/* Actual calculated bitrate: 50000000. */
        .spbr = 0,
        .brdv = 0
    },
    .spck_delay         = SPI_DELAY_COUNT_1,        
    .ssl_negation_delay = SPI_DELAY_COUNT_1,        
    .next_access_delay  = SPI_DELAY_COUNT_1         
 };

const spi_cfg_t g_spi1_cfg =
{
    .channel = 1,                         
    .rxi_irq = VECTOR_NUMBER_SPI1_RXI,    
    .txi_irq = VECTOR_NUMBER_SPI1_TXI,    
    .tei_irq = VECTOR_NUMBER_SPI1_TEI,    
    .eri_irq = VECTOR_NUMBER_SPI1_ERI,    
    .rxi_ipl = (10), 
    .txi_ipl = (10),
    .tei_ipl = (10),
    .eri_ipl = (10),
    .operating_mode = SPI_MODE_MASTER,        
    .clk_phase    = SPI_CLK_PHASE_EDGE_ODD,   
    .clk_polarity = SPI_CLK_POLARITY_HIGH,    
    .mode_fault   = SPI_MODE_FAULT_ERROR_DISABLE,
    .bit_order    = SPI_BIT_ORDER_MSB_FIRST,   
    .p_transfer_tx = NULL,                     
    .p_transfer_rx = NULL,                     
    .p_callback    = r_spi1_callback,          
    .p_context     = NULL,                     
    .p_extend      = (void *)&g_spi1_extend,   
};

Thanks!

Parents
  • Hello pilot,

    Thanks for posting your question online.

    The external pin state cannot be handled from the host mcu, especially when you have configure the pin as external interrupt pin.

    About SPI configuration problem, you probably refer to this behavior below:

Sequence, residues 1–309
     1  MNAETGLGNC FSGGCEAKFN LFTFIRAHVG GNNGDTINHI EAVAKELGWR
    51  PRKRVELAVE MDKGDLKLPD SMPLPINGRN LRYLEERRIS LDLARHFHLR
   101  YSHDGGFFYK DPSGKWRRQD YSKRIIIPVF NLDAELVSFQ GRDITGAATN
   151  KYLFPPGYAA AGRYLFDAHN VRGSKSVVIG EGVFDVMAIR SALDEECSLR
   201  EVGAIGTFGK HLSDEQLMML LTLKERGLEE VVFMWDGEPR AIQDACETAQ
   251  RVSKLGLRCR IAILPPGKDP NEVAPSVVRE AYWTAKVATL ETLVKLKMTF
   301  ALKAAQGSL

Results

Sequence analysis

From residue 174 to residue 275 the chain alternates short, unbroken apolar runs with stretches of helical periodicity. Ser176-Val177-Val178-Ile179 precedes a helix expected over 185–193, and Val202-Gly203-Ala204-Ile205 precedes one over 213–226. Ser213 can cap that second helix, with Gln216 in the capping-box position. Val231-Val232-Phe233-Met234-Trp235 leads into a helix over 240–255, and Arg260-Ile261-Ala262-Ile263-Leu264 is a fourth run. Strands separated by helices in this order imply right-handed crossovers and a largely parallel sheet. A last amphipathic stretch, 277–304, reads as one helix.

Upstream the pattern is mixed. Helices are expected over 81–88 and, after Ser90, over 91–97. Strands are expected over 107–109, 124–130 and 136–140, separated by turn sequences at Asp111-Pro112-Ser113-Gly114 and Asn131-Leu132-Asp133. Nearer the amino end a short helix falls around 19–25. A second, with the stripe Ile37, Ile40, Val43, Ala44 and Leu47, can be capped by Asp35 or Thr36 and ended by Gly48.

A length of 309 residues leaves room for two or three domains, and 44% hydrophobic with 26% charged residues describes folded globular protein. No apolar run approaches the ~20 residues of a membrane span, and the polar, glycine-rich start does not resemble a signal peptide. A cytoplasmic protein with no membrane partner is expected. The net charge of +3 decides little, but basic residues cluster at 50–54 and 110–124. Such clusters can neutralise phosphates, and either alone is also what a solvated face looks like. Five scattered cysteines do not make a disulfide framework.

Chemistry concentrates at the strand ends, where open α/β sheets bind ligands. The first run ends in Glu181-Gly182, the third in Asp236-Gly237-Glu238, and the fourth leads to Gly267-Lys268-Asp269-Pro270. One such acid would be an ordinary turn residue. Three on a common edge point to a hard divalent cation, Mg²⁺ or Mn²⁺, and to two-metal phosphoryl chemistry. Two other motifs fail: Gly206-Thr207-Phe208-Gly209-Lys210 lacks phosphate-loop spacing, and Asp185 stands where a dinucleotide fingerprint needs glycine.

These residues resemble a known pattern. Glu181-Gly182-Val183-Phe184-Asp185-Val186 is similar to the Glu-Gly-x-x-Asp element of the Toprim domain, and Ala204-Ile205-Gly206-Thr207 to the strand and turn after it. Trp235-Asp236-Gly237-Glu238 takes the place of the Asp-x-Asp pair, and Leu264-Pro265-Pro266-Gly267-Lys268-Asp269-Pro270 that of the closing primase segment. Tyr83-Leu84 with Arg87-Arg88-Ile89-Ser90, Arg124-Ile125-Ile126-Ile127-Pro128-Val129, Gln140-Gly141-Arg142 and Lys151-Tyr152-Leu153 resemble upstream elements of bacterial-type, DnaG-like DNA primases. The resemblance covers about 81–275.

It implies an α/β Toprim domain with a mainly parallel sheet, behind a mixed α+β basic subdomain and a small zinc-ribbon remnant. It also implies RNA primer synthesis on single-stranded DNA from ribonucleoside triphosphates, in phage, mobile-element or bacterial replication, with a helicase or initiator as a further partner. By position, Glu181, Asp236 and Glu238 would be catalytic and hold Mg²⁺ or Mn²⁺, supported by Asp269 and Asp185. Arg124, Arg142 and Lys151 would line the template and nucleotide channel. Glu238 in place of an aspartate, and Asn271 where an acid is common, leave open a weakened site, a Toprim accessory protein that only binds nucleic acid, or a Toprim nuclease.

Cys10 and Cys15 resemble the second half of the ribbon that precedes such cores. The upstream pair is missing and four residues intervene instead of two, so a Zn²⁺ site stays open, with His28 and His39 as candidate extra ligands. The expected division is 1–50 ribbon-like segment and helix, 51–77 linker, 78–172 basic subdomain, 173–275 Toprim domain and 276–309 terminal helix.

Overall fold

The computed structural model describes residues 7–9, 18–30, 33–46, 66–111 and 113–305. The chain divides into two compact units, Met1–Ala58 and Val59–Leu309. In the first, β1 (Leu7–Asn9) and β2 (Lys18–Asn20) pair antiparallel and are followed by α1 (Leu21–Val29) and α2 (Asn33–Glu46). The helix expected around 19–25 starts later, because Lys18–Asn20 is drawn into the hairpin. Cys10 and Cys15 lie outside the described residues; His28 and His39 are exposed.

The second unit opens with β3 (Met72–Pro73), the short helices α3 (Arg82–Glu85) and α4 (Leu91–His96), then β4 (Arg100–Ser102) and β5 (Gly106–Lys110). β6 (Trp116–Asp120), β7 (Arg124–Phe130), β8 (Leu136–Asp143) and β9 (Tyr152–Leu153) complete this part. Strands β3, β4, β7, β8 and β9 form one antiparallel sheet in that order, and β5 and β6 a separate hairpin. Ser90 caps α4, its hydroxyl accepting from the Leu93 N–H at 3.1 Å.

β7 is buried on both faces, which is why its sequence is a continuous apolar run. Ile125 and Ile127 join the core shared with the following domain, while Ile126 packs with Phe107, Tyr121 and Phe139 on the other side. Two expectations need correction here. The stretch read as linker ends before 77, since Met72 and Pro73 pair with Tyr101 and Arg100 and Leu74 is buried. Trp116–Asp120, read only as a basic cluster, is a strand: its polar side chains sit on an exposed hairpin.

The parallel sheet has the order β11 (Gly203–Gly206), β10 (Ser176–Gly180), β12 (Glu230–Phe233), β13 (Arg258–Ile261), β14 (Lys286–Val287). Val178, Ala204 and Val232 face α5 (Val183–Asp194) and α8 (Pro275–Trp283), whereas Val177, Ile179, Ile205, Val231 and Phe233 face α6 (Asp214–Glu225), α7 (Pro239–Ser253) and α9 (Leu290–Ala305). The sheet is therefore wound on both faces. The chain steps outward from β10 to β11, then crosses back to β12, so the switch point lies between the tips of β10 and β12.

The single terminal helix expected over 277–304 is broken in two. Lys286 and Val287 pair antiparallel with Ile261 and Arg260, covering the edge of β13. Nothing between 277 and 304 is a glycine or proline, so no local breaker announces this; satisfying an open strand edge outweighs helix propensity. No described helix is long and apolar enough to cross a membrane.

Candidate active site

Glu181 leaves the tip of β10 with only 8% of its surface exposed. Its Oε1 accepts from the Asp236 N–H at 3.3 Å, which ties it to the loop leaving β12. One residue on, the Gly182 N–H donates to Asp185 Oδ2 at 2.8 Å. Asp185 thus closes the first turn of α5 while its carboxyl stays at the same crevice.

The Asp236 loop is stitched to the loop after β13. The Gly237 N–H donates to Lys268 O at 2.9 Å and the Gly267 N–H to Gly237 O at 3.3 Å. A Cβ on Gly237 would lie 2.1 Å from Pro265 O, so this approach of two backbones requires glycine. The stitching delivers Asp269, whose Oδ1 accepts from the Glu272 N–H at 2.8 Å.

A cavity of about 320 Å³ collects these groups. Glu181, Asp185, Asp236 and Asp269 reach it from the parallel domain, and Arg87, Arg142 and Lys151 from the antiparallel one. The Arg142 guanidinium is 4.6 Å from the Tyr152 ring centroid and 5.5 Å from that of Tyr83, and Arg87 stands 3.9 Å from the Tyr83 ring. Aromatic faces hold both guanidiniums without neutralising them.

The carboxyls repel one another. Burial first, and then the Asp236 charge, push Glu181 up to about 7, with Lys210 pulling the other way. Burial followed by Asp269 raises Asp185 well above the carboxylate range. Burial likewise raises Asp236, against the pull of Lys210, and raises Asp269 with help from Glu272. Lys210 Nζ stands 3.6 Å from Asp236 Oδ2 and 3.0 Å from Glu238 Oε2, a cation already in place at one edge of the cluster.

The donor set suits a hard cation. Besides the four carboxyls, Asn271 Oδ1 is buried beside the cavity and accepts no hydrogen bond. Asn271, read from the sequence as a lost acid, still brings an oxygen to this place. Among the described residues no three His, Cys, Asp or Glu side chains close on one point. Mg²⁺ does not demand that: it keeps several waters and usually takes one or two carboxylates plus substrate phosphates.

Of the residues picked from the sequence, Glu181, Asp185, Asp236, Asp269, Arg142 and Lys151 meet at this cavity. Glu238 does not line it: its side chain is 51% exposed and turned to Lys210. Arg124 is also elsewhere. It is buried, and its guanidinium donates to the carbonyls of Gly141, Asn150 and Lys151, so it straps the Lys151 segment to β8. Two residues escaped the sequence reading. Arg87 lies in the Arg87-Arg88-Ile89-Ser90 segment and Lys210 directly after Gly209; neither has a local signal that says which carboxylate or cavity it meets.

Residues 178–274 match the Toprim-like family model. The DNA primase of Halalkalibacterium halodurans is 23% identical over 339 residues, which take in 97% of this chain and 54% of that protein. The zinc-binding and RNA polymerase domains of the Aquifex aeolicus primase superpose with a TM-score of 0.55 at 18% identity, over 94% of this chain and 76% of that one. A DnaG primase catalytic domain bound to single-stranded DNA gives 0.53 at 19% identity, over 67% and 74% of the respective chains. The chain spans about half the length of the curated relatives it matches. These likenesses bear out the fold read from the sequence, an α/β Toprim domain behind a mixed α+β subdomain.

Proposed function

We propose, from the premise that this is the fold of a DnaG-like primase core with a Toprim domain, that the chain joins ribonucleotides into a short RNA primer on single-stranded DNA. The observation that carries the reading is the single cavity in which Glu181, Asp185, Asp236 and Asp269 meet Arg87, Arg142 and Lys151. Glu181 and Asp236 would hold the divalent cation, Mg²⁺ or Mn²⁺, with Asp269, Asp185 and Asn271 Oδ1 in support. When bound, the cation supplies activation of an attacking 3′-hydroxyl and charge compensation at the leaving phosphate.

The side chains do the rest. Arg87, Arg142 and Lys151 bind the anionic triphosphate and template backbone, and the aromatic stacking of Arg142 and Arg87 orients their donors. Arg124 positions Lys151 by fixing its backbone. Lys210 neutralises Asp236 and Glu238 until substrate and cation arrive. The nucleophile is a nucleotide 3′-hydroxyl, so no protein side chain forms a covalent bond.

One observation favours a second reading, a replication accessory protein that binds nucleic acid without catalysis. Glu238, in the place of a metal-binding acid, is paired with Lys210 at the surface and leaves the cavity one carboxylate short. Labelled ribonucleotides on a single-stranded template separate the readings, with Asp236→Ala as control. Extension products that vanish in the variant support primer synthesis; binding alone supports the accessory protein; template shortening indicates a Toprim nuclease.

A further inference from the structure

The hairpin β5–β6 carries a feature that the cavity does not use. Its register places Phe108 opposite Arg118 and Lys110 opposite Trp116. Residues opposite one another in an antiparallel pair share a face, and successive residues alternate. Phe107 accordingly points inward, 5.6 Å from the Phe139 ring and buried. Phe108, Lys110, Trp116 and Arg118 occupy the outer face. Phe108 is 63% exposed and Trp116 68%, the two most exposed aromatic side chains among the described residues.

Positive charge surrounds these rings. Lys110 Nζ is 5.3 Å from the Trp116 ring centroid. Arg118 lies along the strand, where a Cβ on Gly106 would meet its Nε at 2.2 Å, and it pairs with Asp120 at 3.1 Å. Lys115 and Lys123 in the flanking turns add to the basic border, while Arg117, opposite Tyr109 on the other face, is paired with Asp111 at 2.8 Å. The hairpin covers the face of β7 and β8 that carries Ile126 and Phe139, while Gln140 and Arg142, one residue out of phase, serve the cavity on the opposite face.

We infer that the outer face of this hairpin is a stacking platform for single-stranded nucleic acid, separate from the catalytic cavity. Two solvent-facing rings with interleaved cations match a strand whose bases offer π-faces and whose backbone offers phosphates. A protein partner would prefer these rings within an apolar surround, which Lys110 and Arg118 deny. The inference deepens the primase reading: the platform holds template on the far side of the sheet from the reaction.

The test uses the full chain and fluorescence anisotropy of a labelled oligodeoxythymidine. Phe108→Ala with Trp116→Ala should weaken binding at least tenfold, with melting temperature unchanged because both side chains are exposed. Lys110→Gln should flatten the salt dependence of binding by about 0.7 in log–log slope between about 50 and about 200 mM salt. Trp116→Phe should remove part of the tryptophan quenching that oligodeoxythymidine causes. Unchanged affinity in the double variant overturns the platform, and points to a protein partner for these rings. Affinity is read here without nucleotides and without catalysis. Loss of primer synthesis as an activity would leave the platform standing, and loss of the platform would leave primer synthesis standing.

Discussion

Please try to change MOSI Idle state from MOSI IDLE Value Fixing Disable to MOSI Idle Value Fixing Low and check again your system's behavior.

    Regards,

    AL_Renesas

  • Hi AL,

    Thank you so much! I changed the mosi_idle to SPI_MOSI_IDLE_VALUE_FIXING_LOW. Here is a screen shot of the capture after the changing:

    It looks like it's similar to the SPI_MOSI_IDLE_VALUE_FIXING_DISABLE. I'm using the open source software PulseView. Probably that's the reason the MOSI isn't sync with the clock?

    Are there other problems of the SPI configuration? 

    If the external PIN can't be turned to low by the host MCU. Can we firmly say that issue is caused by the 3rd party chip? Of course, I'm trying fix any SPI issue which is potentially making the 3rd party chip unhappy. Other than the SPI issue, are there any other potential issues that I should look into our MCU?

    Thanks.

Reply
  • Hi AL,

    Thank you so much! I changed the mosi_idle to SPI_MOSI_IDLE_VALUE_FIXING_LOW. Here is a screen shot of the capture after the changing:

    It looks like it's similar to the SPI_MOSI_IDLE_VALUE_FIXING_DISABLE. I'm using the open source software PulseView. Probably that's the reason the MOSI isn't sync with the clock?

    Are there other problems of the SPI configuration? 

    If the external PIN can't be turned to low by the host MCU. Can we firmly say that issue is caused by the 3rd party chip? Of course, I'm trying fix any SPI issue which is potentially making the 3rd party chip unhappy. Other than the SPI issue, are there any other potential issues that I should look into our MCU?

    Thanks.